About Furniture

 

 

Ancient

Prehistoric stone house at Orkney, Scotland with built-in benches and sleeping places.

Very few examples of furniture from ancient Egypt, Western Asia, Greece, Rome and prehistoric times have survived to be studied.   Most articles which have survived have been preserved in the tombs of kings and high dignitaries. Native woods used for furniture of this age included acacia, sycamore-fig, tamarisk and sidder. Some imported woods such as cedar, cypress, juniper and ebony were also used.
 

 

1500-1600

A mid-sixteenth century master-carver's workshop with hand-carved linen-fold panel inserts.

Some important changes in furniture construction took place in the sixteenth century. Frame-and-panel construction allowed for lighter furniture which was easier to move. This caused a separation from the methods of the turners and carpenters, and a joiners guild formed that helped to set the standards of quality furniture making. Oak was still used but was beginning to be replaced near the end of this century by walnut, as it had a finer grain making it easier for carving. Carving was largely the favored method of decorating furniture. The chest of drawers and upholstered furniture were also introduced late in the 16th century.
 

 

1600-1700

Much of the furniture of the seventeenth century seems to be more familiar to us today than that of the sixteenth century.  Furniture built in this century began to escape the influence of fashion and richness for the principle of practicality and function. It was difficult for some, especially the wealthy and members of nobility, to stray very far from the most exquisite and exotic furniture.  The growth of trade allowed for importing of exotic furniture and materials from India and adjacent countries.  Lacquering and japanning were very popular methods of finishing furniture.  Oak was still used but walnut was being used even more, as well as other imported exotic woods.  The cabinet on a stand and framed wall mirror and table ensemble were very popular for displaying collectibles.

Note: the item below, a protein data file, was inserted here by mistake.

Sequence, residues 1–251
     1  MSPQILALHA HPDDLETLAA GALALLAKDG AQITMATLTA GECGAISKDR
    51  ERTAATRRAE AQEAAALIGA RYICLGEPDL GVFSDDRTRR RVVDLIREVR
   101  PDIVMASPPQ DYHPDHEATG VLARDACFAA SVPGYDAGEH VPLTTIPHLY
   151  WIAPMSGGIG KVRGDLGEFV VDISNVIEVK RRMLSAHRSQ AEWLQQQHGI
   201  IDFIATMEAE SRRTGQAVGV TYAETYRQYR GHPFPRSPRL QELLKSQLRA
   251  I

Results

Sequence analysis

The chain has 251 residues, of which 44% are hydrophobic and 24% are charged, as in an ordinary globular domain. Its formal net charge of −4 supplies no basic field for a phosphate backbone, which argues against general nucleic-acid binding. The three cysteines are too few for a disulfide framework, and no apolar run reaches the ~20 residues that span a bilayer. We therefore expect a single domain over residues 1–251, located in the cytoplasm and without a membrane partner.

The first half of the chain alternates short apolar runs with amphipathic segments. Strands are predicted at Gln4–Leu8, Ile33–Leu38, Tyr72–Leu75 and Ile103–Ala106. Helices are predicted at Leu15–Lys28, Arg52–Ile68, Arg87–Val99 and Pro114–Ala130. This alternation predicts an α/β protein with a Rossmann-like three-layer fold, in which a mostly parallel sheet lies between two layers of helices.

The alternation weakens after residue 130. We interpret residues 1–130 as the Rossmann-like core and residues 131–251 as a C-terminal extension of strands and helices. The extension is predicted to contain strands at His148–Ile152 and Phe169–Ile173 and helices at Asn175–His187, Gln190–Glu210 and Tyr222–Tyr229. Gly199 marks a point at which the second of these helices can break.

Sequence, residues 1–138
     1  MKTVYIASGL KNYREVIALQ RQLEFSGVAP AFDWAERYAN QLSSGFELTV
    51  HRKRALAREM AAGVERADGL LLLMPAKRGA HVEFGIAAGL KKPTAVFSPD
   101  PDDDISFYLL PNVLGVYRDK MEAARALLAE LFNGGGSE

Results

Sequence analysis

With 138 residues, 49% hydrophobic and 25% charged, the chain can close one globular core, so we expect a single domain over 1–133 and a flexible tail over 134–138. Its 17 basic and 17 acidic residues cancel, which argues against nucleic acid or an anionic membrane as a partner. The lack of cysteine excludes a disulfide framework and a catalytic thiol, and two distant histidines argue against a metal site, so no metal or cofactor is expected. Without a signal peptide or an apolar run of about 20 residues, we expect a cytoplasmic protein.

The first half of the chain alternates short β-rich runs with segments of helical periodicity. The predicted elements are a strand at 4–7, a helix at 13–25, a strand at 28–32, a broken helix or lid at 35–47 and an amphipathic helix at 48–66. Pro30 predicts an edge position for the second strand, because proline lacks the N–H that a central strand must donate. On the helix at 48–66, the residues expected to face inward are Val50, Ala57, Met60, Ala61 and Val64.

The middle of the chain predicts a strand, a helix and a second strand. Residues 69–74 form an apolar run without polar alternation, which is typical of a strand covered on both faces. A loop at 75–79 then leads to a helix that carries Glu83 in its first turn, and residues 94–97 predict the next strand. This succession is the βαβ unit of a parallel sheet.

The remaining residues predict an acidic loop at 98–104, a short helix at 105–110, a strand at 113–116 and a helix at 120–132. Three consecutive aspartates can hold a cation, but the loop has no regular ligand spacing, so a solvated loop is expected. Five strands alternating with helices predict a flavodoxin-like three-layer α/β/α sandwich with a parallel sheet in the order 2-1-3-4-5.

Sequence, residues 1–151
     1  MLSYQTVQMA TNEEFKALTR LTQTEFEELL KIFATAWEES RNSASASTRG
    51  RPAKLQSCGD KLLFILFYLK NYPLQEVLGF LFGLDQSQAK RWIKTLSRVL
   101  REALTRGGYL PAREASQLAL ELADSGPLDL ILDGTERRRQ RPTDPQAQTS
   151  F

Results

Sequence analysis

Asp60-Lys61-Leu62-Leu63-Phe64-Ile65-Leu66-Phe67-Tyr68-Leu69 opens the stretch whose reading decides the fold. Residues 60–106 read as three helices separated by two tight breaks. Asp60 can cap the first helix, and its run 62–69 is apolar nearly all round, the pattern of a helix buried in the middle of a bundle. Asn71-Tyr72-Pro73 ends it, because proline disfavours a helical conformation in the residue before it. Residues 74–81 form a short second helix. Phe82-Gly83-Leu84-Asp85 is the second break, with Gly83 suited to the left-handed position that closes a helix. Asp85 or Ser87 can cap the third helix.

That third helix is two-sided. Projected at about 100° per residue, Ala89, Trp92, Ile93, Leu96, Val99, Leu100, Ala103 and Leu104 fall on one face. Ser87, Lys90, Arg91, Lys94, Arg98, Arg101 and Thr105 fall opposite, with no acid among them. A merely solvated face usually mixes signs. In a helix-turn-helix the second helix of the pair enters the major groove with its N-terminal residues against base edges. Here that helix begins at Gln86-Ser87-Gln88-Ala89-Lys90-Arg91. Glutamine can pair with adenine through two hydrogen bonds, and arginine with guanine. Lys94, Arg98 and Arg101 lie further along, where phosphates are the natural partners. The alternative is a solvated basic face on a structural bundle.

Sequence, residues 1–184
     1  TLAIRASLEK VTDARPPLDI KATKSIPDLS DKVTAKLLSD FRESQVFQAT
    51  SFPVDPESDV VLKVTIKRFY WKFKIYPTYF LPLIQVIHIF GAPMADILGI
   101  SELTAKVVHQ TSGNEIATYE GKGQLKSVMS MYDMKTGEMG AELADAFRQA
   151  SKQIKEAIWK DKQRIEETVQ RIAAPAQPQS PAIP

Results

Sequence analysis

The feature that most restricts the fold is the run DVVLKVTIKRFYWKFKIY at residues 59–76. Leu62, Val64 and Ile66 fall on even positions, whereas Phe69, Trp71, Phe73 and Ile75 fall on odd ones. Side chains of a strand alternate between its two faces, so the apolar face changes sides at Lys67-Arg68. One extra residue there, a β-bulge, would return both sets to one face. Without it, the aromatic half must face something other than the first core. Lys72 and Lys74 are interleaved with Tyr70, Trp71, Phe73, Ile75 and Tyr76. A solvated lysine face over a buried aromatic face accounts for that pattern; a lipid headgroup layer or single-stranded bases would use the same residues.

1700-1800

Many furniture types evolved during the 18th century and many of these styles are considered current even today. Furniture styles of this century reflected ideas of comfort and luxury. More people were able to own furniture because of the growth of the middle class. Furniture in the first half of the 18th century evolved in reaction against the formal, elaborate period of Baroque furniture of the 17th century. Rococo furniture was characterized by asymmetrical scrollwork, decorative motifs with informality and comfort in mind and originated in France. In the later half of the 18th century, Rococo furniture caused a reaction and a return to Neoclassical furniture. Neoclassical furniture was characterized by the use of classic designs from ancient Greece and Roman art and architecture. Some of the more recognizable styles of furniture from this era include: Traditional, Queen Anne, Chippendale, Hepplewhite, Adams Brothers and Sheraton. Walnut was the predominant material used in this era. Mahogany and other imported woods like ebony and satinwood were also used.
 

 

1800-1850